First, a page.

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Anthony R. Daniele v. Kimi C. Puntillo

July 31, 2012


Daniele v Puntillo

Published by New York State Law Reporting Bureau pursuant to Judiciary Law § 431.

This opinion is uncorrected and subject to revision before publication in the Official Reports.

Decided on July 31, 2012

Mazzarelli, J.P., Saxe, DeGrasse, Richter, Abdus-Salaam, JJ.

Judgment, Supreme Court, New York County (George J. Silver, J.), entered November 14, 2011, after a non-jury trial, awarding plaintiff the sum of $104,918.46, plus interest, costs and disbursements, and bringing up for review an order, same court and Justice, entered October 5, 2011, which, found in plaintiff's favor on his causes of action, unanimously affirmed, without costs. Appeal from the order, unanimously dismissed, without costs, as subsumed in the appeal from the judgment.

In this action, plaintiff attorney seeks fees for services rendered in a matrimonial proceeding. Plaintiff was retained by defendant in March 2004, replacing defendant's prior counsel in her divorce proceeding. It is undisputed that plaintiff and defendant executed a retainer agreement in March 2004. The agreement specified the nature of representation, a $25,000 retainer fee, billing arrangements and payments, and billing rates, among other details. Attached to the retainer agreement was a Statement of Client's Rights and Responsibilities, also executed by both parties in March 2004. Plaintiff contends that on May 14, 2004, he filed a copy of the executed retainer agreement with the court as well as defendant's updated statement of net worth, as mandated by 22 NYCRR 1400.3.

Shortly after executing both documents, defendant paid the $25,000 retainer fee. Plaintiff represented defendant from March 2004 through December 2004, when defendant's divorce proceedings ended in a stipulation of settlement. During that time, plaintiff sent defendant detailed billing statements, which were in "block billing" form, meaning that each timekeeper would enter a description of his or her work for a particular day, along with the total amount of time spent on those tasks for that day. Defendant made intermittent payments up until December 2004. When plaintiff commenced this suit, there was an outstanding balance of $104,918.46.

At the close of plaintiff's case, defendant moved for a directed verdict dismissing the complaint on the ground that plaintiff failed to comply with 22 NYCRR 1400.3, thereby barring his claim for fees. The trial court denied the motion on the ground that defendant had admitted compliance with 22 NYCRR 1400.3 in her answer. The trial continued to conclusion, and the court found an account stated in that defendant had not established that she objected to the bills. The court then granted judgment to plaintiff in the amount of $106,048.96.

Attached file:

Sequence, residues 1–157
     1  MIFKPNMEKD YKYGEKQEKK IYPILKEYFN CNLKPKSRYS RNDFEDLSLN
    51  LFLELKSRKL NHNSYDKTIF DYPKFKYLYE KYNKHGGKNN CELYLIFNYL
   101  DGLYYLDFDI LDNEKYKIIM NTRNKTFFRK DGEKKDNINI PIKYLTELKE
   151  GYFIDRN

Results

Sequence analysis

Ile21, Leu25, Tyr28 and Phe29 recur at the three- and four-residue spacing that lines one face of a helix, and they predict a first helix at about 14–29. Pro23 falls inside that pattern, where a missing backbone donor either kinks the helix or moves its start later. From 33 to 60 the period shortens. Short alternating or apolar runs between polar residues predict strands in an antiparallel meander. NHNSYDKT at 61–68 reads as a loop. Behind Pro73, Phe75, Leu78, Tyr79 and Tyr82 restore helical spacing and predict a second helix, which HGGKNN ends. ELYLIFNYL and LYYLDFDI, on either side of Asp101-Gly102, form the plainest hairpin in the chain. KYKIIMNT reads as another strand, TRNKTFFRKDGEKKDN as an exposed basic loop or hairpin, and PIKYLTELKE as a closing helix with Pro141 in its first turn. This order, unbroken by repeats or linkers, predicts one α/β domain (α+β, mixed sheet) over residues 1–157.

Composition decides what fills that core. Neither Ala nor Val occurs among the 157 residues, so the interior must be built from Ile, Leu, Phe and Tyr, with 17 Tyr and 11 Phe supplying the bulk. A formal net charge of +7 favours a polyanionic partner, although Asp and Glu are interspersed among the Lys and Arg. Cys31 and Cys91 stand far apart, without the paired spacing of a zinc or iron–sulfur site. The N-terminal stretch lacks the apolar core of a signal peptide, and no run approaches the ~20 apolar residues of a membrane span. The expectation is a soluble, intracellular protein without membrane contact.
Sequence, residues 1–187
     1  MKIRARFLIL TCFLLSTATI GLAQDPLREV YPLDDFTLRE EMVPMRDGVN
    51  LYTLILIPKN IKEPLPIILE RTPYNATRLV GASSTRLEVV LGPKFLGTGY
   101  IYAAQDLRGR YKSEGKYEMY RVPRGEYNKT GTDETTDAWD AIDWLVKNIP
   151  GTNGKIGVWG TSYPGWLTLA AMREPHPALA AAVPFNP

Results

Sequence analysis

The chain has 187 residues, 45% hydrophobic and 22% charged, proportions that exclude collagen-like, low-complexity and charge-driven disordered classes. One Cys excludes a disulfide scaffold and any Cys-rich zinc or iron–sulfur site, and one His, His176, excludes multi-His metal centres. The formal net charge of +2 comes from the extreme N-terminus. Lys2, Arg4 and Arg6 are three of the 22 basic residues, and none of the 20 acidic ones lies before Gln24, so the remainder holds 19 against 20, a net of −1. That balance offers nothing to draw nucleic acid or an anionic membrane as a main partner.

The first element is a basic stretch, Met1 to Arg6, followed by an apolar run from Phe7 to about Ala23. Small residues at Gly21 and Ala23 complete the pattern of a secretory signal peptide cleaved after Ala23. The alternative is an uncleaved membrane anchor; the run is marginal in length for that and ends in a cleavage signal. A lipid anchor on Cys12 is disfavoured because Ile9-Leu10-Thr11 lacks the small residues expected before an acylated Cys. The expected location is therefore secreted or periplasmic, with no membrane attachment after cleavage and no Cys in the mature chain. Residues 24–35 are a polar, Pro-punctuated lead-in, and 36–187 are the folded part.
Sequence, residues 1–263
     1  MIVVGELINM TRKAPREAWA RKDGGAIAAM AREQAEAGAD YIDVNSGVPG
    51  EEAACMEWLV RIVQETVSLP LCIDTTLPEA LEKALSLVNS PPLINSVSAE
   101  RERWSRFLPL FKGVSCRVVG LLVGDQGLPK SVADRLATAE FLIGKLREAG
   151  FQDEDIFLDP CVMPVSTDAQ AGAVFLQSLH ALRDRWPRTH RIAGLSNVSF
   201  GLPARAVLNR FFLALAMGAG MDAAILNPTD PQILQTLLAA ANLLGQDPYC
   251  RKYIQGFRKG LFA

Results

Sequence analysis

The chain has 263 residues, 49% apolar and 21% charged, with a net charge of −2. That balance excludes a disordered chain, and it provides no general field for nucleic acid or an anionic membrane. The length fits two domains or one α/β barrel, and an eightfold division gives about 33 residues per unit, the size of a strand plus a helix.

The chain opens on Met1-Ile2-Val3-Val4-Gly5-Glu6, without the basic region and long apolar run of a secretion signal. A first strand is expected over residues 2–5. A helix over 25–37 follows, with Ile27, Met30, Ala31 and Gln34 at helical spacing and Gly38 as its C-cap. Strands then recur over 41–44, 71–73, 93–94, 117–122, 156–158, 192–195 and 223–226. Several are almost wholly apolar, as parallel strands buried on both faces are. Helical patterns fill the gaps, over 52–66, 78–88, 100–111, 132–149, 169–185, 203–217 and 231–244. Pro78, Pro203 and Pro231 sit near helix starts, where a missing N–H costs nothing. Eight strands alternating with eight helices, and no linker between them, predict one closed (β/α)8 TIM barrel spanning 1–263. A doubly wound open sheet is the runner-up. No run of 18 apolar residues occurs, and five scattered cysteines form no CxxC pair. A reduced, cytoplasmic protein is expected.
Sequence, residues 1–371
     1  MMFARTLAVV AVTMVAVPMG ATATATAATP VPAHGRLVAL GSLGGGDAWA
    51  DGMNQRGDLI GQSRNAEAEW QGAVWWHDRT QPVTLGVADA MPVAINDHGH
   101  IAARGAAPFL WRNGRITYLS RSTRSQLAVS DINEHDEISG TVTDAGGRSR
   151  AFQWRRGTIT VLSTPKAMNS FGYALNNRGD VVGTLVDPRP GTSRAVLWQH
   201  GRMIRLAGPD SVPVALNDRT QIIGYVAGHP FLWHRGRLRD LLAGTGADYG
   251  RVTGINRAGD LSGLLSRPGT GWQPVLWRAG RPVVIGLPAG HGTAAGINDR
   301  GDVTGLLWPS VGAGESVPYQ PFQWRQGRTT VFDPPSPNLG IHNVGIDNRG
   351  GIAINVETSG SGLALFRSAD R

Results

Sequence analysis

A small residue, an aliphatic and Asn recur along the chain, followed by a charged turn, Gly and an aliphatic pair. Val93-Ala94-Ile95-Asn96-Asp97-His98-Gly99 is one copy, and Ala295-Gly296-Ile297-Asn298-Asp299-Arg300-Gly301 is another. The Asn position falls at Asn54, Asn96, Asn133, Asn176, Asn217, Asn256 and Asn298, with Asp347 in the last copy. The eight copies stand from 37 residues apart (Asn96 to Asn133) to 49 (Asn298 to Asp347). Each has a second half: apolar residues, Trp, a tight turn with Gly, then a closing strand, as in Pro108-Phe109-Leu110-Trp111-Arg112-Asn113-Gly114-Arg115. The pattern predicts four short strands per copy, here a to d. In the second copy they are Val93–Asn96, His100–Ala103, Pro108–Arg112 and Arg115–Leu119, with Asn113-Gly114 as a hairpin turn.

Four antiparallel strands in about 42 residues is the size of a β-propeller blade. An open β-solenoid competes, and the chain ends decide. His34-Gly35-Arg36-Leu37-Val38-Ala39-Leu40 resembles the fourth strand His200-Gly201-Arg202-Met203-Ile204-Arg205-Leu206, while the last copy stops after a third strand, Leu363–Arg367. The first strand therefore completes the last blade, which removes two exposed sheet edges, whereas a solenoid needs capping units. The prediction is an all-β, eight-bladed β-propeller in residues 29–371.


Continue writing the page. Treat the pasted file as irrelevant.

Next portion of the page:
"Where there has been substantial compliance' with the matrimonial rules, an attorney will be allowed to recover the fees owed for services rendered, but not yet paid for" (Edelman v Poster, 72 AD3d 182, 184 [2010], quoting Flanagan v Flanagan, 267 AD2d 80, 81 [1999]). The applicable rule, 22 NYCRR 1400.3, mandates that an attorney in a matrimonial matter file a copy of the signed retainer agreement with the court, along with the statement of net worth. Here, the record shows that a copy of the executed retainer was filed with the court on May 14, 2004, along with the updated statement of net worth. Even if plaintiff, as substituted counsel, should have filed the retainer within 10 days of its execution, he substantially complied with the requirements by filing the executed copy with the updated statement of net worth. Although it would have been better practice for plaintiff to have put proof of the filing in evidence on his direct case, his failure to do so does not change the fact that he substantially complied with the rule (see Kurtz v Kurtz, 1 AD3d 214, 215 [2003]).

Defendant also argues that plaintiff's billing practices and willful spoliation of evidence should result in sanctions, and dismissal of his claims. Specifically, defendant argues that block billing was improper and that "task billing," which lists the time for each separate task and is an enhanced level of billing, should have been used. However, block billing is common practice among law firms and neither 22 NYCRR 1400.3 nor the retainer agreement calls for task based billing. Regarding the spoliation of evidence allegation, defendant contends that plaintiff intentionally destroyed a particular attorney's individual time sheets, thereby preventing her from using those records to impeach plaintiff. Plaintiff testified at trial that the information from that attorney's individual time sheets was entered into the firm's time entry system, then reviewed by him and incorporated into the firm's bills to defendant. In any event, the time sheets were not key evidence, and thus their alleged destruction did not deprive defendant of the ability to defend against plaintiff's claim for fees(Coleman v Putman Hops. Center, 74 AD3d 1009 [2010], lv dismissed 16 NY3d 884 [2011]). Accordingly, a spoliation sanction is not warranted.

Defendant also argues that she was improperly denied a commission to depose one of the attorneys from her divorce proceeding, who resided in New Jersey. However, the trial court providently exercised its discretion in denying defendant's motion, as she had waited approximately two months before seeking the deposition, and had made the motion a week before the scheduled trial date (see Miller v Metropolitan 810 7th Ave., 50 AD3d 474 [2008]).

We have considered defendant's remaining contentions and find them to be without merit.


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